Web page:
As tours will operate rain or shine, participants are asked to dress accordingly. Unless otherwise indicated, comfortable walking shoes are recommended. All tours are covered by conference registration fees. Duration times listed for each tour are estimates. Participants are asked to meet at the TCU Place main entrance at least 15 minutes prior to scheduled departure times.
TOUR A-1 – Monday, October 1 – 13:45
Participants will visit the North East Swale to learn about the ecology of the area and the measures being put in place to protect the prairie landscape. Highlights include wildlife crossings along roadways and a storm water discharge fore bay. The protection of ecologically unique and sensitive areas within urban development boundaries is an ongoing and important issue for transportation professionals. A large and significant area of undisturbed natural prairie within the City of Saskatoon is protected from future development, although it cannot fully avoid urban growth. The Saskatchewan River valley was formed by erosion of the landscape by glacial meltwater about 12,000 years ago. During this process several abandoned channels or "swales" were left stranded on the landscape, which formed unique, valued and protected habitat over varying depths of soft, compressible sediment.
Photo: Graham Commuter Partners
TOUR B-1 – Tuesday, October 2 – 08:30
Participants will visit two interchanges currently under construction within the City of Saskatoon - Boychuk Drive and Highway 16 and McOrmond Drive and College Drive. These road safety initiatives will ease traffic congestion and collisions, while providing accessible pedestrian and cyclist pathways. A design-build procurement process has been selected to undertake the work. A rock column foundation technique was used in embankment areas in order to reduce the construction time-frame.
TOUR C-1 – Wednesday, October 3 – 08:30
Participants will visit two interchanges currently under construction located north of the City of Saskatoon. The Warman Interchange involves a new two-lane overpass for Highway 305 with on and off ramps, safety upgrades to the rail crossing and the realignment of about 5 km of four-lane divided highway. The Martensville Interchange involves the realignment of 4 km of a four-lane divided highway, a new two-lane overpass for Township Road 384 including on and off ramps as well as the reconfiguration of the Main Street Intersection. An extensive public consultation process took place to inform stakeholders about the project and gather their feedback towards the preliminary design. This is the first design-build procurement project undertaken by the Saskatchewan Ministry of Highways and Infrastructure; the project required the development of new design-build documents and specifications.
TOUR D-1 – Tuesday, October 2 – 13:45
TOUR D-2 – Wednesday, October 3 – 13:45
Participants will visit the site of the new North Commuter Parkway Bridge crossing the South Saskatchewan River. Discussions will explore challenges associated with delivering a complex project in a challenging geotechnical and environmentally sensitive area, subject to multiple levels of regulatory control. Participants will also learn about the treatment of contaminated land; groundwater considerations due to the presence of major aquifers; river engineering and experiences with earthen cofferdams. The P3 delivery model required optimization among geotechnical, bridge and construction disciplines to produce an innovative approach that allowed reduction of bridge length from 410 m (concept plan) to 268 m, producing significant savings for the project.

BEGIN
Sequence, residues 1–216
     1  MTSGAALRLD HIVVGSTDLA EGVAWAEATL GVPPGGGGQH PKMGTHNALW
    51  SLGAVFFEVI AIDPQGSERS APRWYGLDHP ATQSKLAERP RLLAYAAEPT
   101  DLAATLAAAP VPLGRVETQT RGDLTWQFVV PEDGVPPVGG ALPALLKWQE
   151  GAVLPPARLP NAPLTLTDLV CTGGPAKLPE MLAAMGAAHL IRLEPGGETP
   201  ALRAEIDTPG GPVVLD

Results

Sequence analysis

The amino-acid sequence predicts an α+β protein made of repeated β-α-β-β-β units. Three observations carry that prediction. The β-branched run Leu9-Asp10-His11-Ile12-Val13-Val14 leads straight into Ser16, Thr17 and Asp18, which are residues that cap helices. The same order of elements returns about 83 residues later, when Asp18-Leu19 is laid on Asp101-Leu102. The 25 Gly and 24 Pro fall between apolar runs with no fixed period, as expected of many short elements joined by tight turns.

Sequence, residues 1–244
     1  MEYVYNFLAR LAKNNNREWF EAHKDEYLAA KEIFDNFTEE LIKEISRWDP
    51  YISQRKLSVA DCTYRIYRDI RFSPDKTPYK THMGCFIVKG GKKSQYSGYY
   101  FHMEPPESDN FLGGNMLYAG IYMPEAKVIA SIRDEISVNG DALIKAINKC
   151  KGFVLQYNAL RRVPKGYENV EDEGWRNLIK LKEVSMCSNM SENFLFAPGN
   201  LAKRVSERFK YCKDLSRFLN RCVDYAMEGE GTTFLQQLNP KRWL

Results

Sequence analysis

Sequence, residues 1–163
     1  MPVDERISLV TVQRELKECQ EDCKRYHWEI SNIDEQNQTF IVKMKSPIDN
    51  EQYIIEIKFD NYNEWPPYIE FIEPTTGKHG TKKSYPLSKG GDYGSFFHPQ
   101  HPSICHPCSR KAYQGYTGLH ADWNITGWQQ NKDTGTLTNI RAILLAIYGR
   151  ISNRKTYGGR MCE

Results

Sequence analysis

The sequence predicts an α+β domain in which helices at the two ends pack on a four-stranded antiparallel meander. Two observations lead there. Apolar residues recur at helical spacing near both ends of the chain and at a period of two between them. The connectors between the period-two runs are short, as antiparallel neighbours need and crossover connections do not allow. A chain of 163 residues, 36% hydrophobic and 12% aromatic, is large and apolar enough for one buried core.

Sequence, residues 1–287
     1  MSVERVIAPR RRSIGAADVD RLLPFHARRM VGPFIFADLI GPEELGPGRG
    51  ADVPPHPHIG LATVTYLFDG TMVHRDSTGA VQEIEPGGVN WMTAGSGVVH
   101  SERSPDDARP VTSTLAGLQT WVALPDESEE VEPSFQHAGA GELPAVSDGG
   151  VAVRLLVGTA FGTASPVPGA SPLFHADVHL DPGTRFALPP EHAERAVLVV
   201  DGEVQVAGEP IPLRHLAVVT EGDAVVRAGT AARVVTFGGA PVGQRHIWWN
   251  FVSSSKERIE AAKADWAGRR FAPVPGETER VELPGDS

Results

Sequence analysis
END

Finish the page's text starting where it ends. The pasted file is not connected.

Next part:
TOUR E-1 – Tuesday, October 2 – 08:30
TOUR E-2 – Wednesday, October 3 – 13:45
Participants will visit the new Traffic Bridge which reconnects Saskatoon’s downtown on the north side of the South Saskatchewan River with residential areas in the southern part of the city. This new infrastructure incorporates pedestrian transportation, new bike lanes, sidewalks, and multi-use pathways. Design challenges of this bridge replacement included maintaining the aesthetics of the original truss design of the first roadway bridge in Saskatoon. The project demonstrated innovation by re-using the existing 108-year old pier footings. Other challenges included archaeological constraints related to the proximity to the site of the wreck of a river steamer; construction of works on fill within the ancestral flood plain; and instability of clay slopes in South Saskatoon.
TOUR F-1 – Tuesday, October 2 – 13:45
TOUR F-2 – Wednesday, October 3 – 08:30
Participants will visit the Civic Operations Centre (COC), home to Saskatoon transit, and the City’s first Snow Management Facility, which has the capacity to store up to 1,000,000 cubic metres of snow. When the snow naturally melts, the melt water runs through an oil and grit separator and into a melt water/storm water pond. The melt water then goes through a series of specially designed baffle curtains before being discharged in a controlled fashion into the storm water system. The City of Saskatoon entered into its first public-private partnership with Integrated Team Solutions (ITS) through a competitive procurement process. Under contract with the City, ITS will maintain, repair and rehabilitate COC facilities for 25 years.
TOUR G-1 – Monday, October 1 – 13:45
Participants will visit several examples of long-standing facilities and newly constructed river crossings, streetscapes, cycle-tracks and bike lanes. Saskatoon has long been regarded as an active community that embraces the outdoors. Capital investments into multi-use trails and a core-city of well-connected local streets have produced a strong community of people committed to walking and cycling for their daily travel. The City of Saskatoon has recently adopted an Active Transportation Plan proposing a series of investments to take active living to a higher level.